Liver Disease Information
In Your Area
ALF CEO Tom Nealon talks about some of our organization's 2016 accomplishments
I wish to extend my greetings to all American Liver Foundation supporters, friends, and fellow representatives in the battle for liver wellness.
At ALF, the fight for liver health is renewing spirits and changing lives. In this our 40th anniversary year, our regional divisions are building momentum with new programming, revitalized leadership, and growing Medical Advisory Committees. At the same time, our national staff has launched a diverse platform of programs to pull people in and make more resources available.
Through these efforts, ALF continues to make significant progress in building a liver-healthy America.
To celebrate the 40th anniversary of ALF, we dared our constituents to accept an interesting digital challenge on behalf of the liver community. We launched a web page to invite our followers to become more visible in the liver wellness fight, with steps ranging from the simple gesture of framing an online picture with liver awareness branding to committing time and talent to becoming an ALF social media advocate.
We created the idea of the social media advocate, a virtual volunteer position, to tap into the enthusiasm of our online supporters, their connections, and their ability to spread the word about liver disease and ALF’s activities, events, and initiatives. This new program is in its nascent stage but, as of October 15, we had 62 internet mavens.
We are committed to training these volunteers. Among other responsibilities, our social media volunteers will:
I look forward to updating you on the evolution of the Social Media Advocates.
Dr. Raymond Hickey, an ALF research award recipient, recently published results of his ALF- funded study in Science Translational Medicine. Dr. Hickey is part of a team that may change the course of liver disease. Treatments exist for metabolic conditions that are associated with chronic liver disease. But the only cure is a full liver transplant, and patients can wait years for those. Dr. Hickey wants better for them.
By transplanting healthy liver cells into the diseased liver of animals, Dr. Hickey is starting to see remarkable results -- new enzyme production. Success in humans would be a game-changer. Using a patient’s own cells to heal their liver means no immunosuppressive drugs and no side effects from those drugs.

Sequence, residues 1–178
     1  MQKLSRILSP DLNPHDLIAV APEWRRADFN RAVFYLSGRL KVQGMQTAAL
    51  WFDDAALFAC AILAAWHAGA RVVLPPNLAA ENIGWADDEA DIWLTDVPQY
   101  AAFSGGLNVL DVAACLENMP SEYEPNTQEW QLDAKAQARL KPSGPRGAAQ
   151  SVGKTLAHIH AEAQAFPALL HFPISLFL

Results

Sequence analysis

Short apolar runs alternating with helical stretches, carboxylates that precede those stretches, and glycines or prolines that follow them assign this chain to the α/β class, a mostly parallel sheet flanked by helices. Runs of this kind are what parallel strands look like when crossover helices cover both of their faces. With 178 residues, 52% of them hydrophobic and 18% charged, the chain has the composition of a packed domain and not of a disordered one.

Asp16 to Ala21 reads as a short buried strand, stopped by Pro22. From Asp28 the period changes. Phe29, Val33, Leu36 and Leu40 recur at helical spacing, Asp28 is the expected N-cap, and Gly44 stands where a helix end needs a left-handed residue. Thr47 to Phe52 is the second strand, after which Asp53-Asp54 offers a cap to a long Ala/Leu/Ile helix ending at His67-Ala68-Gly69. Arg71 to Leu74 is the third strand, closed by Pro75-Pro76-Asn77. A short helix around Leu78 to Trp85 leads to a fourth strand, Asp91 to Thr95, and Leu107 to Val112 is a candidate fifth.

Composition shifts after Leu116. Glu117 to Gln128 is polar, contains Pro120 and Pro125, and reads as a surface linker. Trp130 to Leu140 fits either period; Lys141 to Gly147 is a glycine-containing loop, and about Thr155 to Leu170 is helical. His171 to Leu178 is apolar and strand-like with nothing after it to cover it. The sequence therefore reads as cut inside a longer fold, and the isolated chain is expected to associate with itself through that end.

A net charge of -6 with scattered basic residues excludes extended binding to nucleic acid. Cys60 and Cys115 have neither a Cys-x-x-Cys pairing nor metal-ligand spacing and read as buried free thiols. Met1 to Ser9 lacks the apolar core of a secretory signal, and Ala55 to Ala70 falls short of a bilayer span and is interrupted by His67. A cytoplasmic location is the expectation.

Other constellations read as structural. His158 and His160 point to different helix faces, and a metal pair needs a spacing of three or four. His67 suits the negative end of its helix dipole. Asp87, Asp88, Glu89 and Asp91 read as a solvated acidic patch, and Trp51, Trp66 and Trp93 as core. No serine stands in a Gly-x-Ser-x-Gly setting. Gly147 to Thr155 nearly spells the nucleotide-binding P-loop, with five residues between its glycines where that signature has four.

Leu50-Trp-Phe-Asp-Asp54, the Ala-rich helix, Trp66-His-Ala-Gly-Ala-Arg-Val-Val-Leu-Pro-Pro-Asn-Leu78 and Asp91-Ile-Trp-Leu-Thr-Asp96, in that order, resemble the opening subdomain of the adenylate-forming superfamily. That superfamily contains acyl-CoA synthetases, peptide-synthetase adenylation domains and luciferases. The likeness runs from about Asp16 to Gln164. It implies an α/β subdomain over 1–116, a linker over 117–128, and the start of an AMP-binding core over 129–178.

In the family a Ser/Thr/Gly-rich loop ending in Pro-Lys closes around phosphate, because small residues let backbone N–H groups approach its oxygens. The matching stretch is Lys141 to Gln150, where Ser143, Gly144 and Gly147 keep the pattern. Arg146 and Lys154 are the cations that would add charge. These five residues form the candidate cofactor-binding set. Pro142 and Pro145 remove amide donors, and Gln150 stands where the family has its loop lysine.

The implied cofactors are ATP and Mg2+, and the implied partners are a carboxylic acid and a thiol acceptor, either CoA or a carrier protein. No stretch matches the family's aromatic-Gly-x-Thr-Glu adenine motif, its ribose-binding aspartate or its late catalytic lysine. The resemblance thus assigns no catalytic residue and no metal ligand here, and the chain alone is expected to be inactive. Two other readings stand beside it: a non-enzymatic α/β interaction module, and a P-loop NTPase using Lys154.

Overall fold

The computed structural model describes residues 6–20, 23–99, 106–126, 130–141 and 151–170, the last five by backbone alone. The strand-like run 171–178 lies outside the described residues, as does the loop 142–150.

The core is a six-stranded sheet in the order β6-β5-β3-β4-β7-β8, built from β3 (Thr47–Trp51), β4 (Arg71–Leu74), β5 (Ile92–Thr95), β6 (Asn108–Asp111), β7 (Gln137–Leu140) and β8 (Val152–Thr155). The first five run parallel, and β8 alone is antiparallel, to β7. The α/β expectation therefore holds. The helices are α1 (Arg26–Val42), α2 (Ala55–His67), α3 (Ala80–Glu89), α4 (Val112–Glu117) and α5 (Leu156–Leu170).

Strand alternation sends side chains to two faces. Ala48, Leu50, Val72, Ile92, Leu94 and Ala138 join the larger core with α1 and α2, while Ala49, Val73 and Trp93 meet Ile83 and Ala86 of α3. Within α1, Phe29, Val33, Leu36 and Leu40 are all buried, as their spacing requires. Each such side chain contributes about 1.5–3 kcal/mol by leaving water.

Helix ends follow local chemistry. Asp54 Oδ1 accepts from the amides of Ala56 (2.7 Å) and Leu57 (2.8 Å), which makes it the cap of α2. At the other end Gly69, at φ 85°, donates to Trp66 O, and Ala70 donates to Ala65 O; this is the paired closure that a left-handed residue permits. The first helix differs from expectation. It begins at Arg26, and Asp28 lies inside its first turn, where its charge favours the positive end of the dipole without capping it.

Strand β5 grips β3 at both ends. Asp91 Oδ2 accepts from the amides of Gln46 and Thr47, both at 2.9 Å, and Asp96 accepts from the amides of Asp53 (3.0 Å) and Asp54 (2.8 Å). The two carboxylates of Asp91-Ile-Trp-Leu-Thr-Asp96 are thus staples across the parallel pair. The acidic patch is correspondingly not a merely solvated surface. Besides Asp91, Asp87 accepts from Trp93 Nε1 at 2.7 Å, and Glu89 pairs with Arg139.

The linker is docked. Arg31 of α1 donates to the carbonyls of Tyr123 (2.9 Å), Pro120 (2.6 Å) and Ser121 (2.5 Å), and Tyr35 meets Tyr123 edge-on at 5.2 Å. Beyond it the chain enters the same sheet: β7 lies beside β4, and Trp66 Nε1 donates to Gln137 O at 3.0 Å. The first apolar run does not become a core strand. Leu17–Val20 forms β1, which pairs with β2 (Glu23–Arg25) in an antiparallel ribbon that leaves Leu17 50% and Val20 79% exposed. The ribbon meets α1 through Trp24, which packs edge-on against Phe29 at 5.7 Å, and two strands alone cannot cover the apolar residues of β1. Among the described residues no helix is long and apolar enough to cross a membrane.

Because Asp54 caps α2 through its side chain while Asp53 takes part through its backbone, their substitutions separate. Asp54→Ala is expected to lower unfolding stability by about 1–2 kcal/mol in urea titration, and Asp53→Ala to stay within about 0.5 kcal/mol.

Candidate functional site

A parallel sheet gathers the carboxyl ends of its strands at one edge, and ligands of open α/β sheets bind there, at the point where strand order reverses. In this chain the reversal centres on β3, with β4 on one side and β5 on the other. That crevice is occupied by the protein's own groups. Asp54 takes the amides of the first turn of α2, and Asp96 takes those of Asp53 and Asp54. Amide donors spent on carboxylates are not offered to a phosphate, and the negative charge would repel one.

Last month, I attended the American Association for the Study of Liver Disease’s (AASLD) annual meeting, along with several other ALF staff and Medical Advisory Committee Members. I cannot overstate how inspiring it was to speak, hear and learn from so many of the world’s leading liver doctors and researchers. ALF’s next Liver Lowdown (our e-newsletter) will highlight some of the ground-breaking research presented at the conference, including studies on liver cancer, nonalcoholic steatohepatitis, hepatitis and several rare diseases.
As a fitting close to the American Liver Foundation’s conference participation, we were delighted to honor Mount Sinai’s Dr. Scott Friedman, the Dean for Therapeutic Discovery and Chief of the Division of Liver Diseases at the Icahn School of Medicine. Dr. Friedman received ALF’s 2016 Distinguished Scientific Achievement Award at our annual honors reception. Please join me in congratulating him.
I want to dedicate most of this letter to acknowledging ALF’s truly amazing work at the community level. Our regional staff is combining grass roots organizing and community-based instruction with advocacy and professional education to create a higher benchmark for health care delivery. The divisions are firmly establishing ALF as the liver leaders in their communities, and I have no doubt that their work will revolutionize lives of liver patients and their families.